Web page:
Sister Act Two

Sanchez drafts sis for Assembly run? It's not enough that she will go down in California history as the underdog who knocked off the Darth Vader of American politics. Loretta Sanchez now wants her family to become Orange County's next political dynasty. In recent weeks, multiple sources say, the first-term congresswoman has intensified her behind-the-scenes effort to drum up support for her younger sister Linda's still-unofficial campaign to replace Lou Correa as the Democrats' challenger to 69th District Assemblyman Jim Morrissey. At a Newport Beach fund-raiser last month, Sanchez bragged that if she survives the anticipated 1998 Republican onslaught and Linda topples Morrissey, the two of them will "make the cover of Newsweek." More recently, the congresswoman has reportedly picked up the pace, calling several prominent local Democrats to test the political waters for her sister.

Linda Sanchez, an amiable 28-year-old Newport Beach attorney, told the Weekly that she is "considering running, but I haven't made a final determination. I'm doing my homework now and studying all the variables. The filing deadline is not until December." Linda said she was "surprised" to hear that her older sister may have been pushing her candidacy. "From what I know from my sister, she wants me to do what my heart tells me to do," Linda said. "She has not been a vocal advocate one way or the other." Jean Costales, chairwoman of the Orange County Democratic Party, concurs: "I met with Linda and discussed her options. It is fair to say that she is interested in a career in politics, but nothing is final as far as I know." Others, however, say Linda--who lives with her mother in Orange but is searching for an in-district Santa Ana apartment--has been "making the rounds" among traditional Democratic groups such as labor. Their impression is that she has "unequivocally decided to run."

Such maneuverings have political circles buzzing, not just because of the novelty of a Sanchez-Sanchez team but also because Linda's candidacy would be a slap at Correa, who lost to Morrissey by just .002 percent of the 53,000 votes cast in a heavily Democratic district composed of Santa Ana and mostly Latino neighborhoods in Garden Grove and central Anaheim. There is concern that a Sanchez-vs.-Correa primary matchup could splinter the Democratic party and threaten hopes of building on their fragile two-seat Assembly majority in 1998.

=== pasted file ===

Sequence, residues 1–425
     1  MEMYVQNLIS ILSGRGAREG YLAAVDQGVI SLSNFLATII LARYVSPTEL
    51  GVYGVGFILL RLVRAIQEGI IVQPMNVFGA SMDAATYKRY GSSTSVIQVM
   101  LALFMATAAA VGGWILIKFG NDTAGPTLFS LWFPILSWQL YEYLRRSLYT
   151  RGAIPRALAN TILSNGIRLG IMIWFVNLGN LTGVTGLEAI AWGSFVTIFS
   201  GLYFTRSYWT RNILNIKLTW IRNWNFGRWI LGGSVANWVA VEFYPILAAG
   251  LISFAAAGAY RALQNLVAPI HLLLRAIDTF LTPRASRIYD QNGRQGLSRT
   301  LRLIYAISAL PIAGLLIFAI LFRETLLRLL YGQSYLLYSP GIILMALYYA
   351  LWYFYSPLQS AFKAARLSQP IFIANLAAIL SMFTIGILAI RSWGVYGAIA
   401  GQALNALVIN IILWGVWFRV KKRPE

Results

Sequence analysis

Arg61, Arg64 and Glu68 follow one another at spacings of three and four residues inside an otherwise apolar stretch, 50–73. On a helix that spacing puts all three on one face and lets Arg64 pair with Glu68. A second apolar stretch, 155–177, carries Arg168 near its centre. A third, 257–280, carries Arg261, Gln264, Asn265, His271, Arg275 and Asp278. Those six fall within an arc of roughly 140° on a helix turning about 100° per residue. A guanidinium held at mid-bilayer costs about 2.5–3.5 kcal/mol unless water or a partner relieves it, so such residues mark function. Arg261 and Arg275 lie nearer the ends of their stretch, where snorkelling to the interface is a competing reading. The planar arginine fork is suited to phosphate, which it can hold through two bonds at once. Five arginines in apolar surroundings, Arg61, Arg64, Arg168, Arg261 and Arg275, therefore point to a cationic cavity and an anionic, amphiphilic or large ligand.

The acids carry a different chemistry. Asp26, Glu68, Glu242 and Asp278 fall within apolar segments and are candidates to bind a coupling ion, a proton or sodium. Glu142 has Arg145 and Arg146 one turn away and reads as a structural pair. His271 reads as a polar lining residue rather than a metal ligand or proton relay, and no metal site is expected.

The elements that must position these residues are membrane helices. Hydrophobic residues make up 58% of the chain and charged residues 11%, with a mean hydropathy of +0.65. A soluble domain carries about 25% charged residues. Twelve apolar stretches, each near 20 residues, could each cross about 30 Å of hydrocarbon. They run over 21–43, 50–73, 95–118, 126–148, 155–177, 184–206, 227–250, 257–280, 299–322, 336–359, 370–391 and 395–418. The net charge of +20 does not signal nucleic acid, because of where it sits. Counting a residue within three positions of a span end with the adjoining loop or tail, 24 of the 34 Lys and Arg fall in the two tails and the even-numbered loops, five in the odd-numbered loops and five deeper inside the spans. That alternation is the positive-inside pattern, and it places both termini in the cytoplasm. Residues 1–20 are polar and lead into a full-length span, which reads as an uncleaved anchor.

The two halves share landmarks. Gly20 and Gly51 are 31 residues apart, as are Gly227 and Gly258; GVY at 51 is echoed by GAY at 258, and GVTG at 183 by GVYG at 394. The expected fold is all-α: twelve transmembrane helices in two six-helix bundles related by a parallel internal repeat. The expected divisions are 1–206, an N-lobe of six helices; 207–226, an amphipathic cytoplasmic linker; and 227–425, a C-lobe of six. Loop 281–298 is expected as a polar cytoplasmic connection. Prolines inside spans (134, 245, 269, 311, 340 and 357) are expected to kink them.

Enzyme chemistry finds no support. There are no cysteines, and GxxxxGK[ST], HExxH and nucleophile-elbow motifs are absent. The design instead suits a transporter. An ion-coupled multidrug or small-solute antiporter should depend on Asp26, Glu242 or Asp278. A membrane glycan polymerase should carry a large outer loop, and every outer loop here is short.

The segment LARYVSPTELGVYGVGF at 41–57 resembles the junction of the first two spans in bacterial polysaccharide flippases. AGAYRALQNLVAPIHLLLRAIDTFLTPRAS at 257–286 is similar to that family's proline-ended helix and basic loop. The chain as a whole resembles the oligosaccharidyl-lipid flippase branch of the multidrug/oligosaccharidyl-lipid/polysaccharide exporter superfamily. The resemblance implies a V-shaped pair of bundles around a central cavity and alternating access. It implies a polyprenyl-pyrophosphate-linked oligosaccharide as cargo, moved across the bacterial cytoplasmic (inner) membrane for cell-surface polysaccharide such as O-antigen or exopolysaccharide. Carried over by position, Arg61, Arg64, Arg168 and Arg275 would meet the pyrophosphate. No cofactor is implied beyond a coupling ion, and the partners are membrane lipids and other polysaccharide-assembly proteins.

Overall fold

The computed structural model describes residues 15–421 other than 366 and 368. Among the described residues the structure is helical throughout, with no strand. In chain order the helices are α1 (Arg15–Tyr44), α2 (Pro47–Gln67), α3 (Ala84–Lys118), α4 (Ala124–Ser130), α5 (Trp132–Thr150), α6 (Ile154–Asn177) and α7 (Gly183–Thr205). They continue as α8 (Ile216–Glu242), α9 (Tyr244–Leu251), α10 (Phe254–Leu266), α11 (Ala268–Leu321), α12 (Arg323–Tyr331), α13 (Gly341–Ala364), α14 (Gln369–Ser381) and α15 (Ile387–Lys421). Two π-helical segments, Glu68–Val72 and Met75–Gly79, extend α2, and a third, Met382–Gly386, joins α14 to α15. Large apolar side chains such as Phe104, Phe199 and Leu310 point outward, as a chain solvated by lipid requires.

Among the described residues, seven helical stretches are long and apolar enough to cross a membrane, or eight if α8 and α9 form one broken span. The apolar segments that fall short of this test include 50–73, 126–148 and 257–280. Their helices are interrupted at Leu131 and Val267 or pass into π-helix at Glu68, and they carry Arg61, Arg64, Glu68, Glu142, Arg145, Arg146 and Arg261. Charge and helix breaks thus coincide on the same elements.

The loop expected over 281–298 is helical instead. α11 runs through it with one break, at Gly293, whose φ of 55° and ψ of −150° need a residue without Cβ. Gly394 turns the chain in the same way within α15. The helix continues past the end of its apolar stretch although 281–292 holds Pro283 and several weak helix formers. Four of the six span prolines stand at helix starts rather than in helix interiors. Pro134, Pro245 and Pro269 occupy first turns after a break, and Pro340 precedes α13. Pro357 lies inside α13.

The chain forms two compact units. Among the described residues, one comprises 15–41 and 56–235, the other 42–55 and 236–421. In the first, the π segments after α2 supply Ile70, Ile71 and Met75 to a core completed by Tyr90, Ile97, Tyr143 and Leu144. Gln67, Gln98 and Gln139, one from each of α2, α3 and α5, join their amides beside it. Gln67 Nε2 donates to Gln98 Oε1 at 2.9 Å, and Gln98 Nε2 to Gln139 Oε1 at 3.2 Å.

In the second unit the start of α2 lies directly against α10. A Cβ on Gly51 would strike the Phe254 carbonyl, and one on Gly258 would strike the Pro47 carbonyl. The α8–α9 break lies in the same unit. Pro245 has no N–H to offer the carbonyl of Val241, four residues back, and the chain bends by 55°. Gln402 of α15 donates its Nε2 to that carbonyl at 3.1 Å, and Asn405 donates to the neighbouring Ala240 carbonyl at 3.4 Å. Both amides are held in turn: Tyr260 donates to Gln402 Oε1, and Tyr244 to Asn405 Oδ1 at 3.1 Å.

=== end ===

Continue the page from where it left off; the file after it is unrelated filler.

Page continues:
After learning of the potential challenge, Correa told his supporters that while he likes Linda, he has no plans to drop out of the race. One source close to Correa said that he "did a lot of soul searching after losing by 94 votes and truly believes he is the best chance for a Democratic win."Unlike the last election, Correa has the early backing of powerful Democrats in Sacramento--including Assembly Speaker Cruz M. Bustamante. Just this month, Bustamante said publicly that Correa can beat Morrissey. On the other hand, it is safe to conclude that Linda would garner the support of the well-to-do local Democratic Foundation, which is headed by Wylie Aitken, Sanchez's campaign chairman. "If Lou runs and Linda runs, the whole equation is going to get real messy," said one local Democratic activist. "You would have two Latinos battling it out for the money and for the votes. It's going to be ugly. The party would be at war with itself."

Some observers see Sanchez's push for her sister as a power grab designed to ensure her control over what happens in the 69th District, an area encompassed by her 46th Congressional District and critical to her re-election chances. They worry that Linda--who has never run for public office and who doesn't yet live in the district--may inadvertently be a liability for Sanchez. Still others, particularly those in Sanchez's camp, say they don't have confidence in Correa's ability to run a successful campaign. "Let's face it," said one high-ranking Democrat. "The No. 1 goal of all Democrats is to see Loretta win re-election, and if she thinks her best chance is with her sister running in the 69th, then she will probably get her way. If there is any hesitancy, it is that people are wondering how voters will react to seeing two Sanchezes on the same ballot. The whole strategy could backfire." "Whether I would help or hurt my sister is one of a whole list of complex variables that I'm still thinking about," said Linda. "I don't know the answer yet."


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